Ever the Twain Shall Meet: Orientalism and American …
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“Orientalism in American Cinema: ..
Scholars usually use this widely-used term in one of three contradictory ways. , some scholars use it to describe what is also known as , that is the orientalization of all Jews, including European Jews, as being the alien, inferior Oriental Other of ideological Orientalism. , the great majority of scholars use this term to describe the complex relationship of European Jewish Orientalist scholars and Jewish Europeans generally to European Orientalism from the 18th century to the 1930sduring which time European Jews of various nations wrestled with their identity as being "Oriental" Europeans. Under the influence of Romantic Orientalism as well as ideological Orientalism, Jewish Orientalists both embraced and felt ambivalent about their assumed Oriental identity in a complex process that was both a form self-Orientalism and of counter-Orientalism directed against European anti-Semitic, ideological Orientalism. Jewish Orientalists in Europe often embraced Eastern Jews and Arabs as role models. , however, other scholars use this term to describe a form of Jewish internal Orientalism by which (often secular) Jews in Western Europe came to imagine the supposedly mystical and traditional Jews of Eastern Europe and the Middle East as being a backward, inferior Oriental-like Other. Jewish Orientalism, more generally, is understood to be the predecessor to and a source of Zionist Orientalism. Some scholars use the term and others the term to account for the same general phenomenon of the Jewish European encounter with both Romantic and ideological Orientalism. In all of this, scholars also sometimes use the notion of Jewish Orientalism to point to the complexities of the notion of Orientalism itself.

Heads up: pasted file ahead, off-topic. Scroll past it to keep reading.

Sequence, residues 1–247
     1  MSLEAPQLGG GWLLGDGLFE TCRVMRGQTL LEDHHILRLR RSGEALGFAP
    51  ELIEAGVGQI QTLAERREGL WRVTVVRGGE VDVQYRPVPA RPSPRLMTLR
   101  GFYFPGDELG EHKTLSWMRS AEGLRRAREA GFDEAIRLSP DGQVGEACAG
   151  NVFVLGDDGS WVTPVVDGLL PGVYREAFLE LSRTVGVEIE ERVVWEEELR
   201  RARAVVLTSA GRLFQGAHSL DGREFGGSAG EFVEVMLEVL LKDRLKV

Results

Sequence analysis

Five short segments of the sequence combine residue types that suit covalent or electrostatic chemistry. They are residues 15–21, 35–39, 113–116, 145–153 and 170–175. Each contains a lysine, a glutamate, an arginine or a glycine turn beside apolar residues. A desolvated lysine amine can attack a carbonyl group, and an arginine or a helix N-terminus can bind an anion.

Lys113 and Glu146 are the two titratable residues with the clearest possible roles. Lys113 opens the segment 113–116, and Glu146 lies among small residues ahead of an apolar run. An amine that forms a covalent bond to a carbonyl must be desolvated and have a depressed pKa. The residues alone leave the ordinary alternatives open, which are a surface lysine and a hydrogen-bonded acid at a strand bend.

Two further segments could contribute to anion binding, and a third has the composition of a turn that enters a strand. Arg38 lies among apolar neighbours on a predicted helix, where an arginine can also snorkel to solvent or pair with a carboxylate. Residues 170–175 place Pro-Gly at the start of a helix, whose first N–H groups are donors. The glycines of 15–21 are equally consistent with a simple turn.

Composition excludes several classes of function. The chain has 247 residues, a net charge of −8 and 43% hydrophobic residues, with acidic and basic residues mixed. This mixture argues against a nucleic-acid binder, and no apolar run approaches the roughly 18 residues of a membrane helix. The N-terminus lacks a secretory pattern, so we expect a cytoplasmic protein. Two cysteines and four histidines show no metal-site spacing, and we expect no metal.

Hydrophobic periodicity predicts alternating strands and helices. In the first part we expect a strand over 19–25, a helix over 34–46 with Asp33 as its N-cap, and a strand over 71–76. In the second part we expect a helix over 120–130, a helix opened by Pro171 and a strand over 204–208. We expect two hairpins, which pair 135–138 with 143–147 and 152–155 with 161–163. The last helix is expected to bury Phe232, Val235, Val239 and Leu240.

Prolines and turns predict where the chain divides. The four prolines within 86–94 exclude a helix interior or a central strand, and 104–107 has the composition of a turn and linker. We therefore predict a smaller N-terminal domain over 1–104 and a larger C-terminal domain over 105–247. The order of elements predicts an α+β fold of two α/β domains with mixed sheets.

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Scholars use this term to describe the ways in which Immanuel Kant (1724-1804), a key figure in the European Enlightenment, and other philosophers influenced by him imagined and constructed the Orient through their philosophical writings. They note important similarities in his views with Georg Wilhelm Friedrich Hegel (1770-1831), including the notion that history is progressive and European civilization is thus essentially superior to Asian peoples. Kant reflected the general attitudes of European society about Asian peoples, namely that they were essentially backward, sensuous, lacking in morality, lazy, and superstitious. He believed Orientals (like women) to be incapable of rational reflection and believed that they posed a threat to European rationality; they were trapped in a world of their own fantasies. Scholars disagree, however, as to Kant's views specifically on Islam, some arguing that he felt anxiety concerning it while other scholars argue that he had a more-or-less positive view of Islam for his time. In any event, his writings contain relatively few references to the Orient, which makes it difficult to explicate his views and their relationship to his overall philosophy. This term is not widely used, but scholars hold that Kant did have an impact on later European Orientalism.
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